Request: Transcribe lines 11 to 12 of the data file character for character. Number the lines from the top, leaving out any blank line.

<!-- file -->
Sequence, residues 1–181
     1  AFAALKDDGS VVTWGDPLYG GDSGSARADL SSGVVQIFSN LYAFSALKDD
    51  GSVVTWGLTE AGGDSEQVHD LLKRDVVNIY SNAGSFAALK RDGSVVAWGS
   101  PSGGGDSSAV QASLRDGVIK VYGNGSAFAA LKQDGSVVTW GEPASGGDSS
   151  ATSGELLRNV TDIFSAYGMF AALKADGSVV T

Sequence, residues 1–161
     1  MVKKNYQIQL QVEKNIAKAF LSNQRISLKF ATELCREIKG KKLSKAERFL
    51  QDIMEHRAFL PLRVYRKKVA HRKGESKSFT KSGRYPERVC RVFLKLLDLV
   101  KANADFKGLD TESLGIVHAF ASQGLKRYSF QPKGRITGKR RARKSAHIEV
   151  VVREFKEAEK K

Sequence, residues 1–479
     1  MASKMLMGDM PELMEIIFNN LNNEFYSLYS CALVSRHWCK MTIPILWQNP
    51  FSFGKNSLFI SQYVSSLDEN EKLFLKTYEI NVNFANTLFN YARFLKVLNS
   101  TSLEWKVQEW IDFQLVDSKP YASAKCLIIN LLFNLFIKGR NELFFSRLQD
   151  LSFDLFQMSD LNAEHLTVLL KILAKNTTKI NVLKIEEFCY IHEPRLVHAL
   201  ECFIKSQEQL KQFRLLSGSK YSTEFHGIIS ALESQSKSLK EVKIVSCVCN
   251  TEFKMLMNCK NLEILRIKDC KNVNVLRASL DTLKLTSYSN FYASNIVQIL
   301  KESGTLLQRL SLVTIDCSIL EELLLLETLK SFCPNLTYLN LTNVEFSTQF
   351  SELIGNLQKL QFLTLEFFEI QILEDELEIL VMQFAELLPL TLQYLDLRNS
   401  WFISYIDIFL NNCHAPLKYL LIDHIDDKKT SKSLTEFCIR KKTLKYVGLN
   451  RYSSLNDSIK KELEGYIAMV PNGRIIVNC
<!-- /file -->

Sequence, residues 1–479
     1  MASKMLMGDM PELMEIIFNN LNNEFYSLYS CALVSRHWCK MTIPILWQNP